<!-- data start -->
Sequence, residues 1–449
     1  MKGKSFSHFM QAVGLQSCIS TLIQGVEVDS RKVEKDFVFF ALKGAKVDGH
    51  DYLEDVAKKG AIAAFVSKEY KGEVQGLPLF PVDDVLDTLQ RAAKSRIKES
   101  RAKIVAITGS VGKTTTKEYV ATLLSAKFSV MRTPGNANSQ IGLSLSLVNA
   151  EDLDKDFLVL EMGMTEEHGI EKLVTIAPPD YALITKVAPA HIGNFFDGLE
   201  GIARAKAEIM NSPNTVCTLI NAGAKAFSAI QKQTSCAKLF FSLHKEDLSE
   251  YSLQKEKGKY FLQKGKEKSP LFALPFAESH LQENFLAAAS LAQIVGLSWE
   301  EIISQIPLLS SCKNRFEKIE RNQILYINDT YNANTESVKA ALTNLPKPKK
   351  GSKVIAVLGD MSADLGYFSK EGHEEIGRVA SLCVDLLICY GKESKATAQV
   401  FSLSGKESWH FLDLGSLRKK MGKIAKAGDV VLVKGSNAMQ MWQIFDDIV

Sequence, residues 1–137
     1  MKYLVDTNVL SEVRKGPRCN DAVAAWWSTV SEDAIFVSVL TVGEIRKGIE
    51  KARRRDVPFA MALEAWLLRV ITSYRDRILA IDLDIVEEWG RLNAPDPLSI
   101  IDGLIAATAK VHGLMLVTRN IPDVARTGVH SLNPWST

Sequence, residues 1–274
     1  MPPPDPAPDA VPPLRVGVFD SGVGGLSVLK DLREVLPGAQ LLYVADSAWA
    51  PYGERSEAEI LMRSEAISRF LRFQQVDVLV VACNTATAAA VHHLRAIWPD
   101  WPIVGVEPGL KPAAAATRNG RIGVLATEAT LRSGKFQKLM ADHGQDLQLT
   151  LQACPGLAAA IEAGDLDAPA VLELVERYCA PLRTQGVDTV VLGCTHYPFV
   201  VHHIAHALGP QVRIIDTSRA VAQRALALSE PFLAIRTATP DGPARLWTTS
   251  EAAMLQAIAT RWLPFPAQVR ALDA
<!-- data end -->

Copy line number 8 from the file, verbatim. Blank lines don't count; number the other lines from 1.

   301  EIISQIPLLS SCKNRFEKIE RNQILYINDT YNANTESVKA ALTNLPKPKK